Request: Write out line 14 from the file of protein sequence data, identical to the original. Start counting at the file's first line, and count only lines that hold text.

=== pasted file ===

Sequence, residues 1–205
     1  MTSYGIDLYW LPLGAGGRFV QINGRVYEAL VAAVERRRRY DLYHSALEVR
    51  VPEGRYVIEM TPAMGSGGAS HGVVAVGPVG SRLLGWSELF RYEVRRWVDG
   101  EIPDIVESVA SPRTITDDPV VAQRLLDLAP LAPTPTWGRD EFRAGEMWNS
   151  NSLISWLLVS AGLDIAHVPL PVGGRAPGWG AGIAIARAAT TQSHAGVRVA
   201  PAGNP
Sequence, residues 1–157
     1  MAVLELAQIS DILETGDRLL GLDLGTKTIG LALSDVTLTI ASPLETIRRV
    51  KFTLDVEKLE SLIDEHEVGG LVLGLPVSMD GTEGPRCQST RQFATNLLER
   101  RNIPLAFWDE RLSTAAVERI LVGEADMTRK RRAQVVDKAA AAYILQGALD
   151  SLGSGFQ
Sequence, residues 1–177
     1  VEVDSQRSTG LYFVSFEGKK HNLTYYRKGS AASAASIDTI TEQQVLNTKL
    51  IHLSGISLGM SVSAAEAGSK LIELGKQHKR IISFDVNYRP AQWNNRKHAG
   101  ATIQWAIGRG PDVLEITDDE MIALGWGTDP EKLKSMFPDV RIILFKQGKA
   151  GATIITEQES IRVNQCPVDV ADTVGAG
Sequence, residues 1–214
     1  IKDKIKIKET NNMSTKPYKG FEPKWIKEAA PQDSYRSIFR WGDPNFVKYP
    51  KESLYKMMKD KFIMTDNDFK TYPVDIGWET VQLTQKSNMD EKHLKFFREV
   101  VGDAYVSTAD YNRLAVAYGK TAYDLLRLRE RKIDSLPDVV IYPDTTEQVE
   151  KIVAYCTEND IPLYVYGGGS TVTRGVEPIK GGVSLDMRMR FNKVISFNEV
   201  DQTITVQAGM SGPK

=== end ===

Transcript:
    51  IHLSGISLGM SVSAAEAGSK LIELGKQHKR IISFDVNYRP AQWNNRKHAG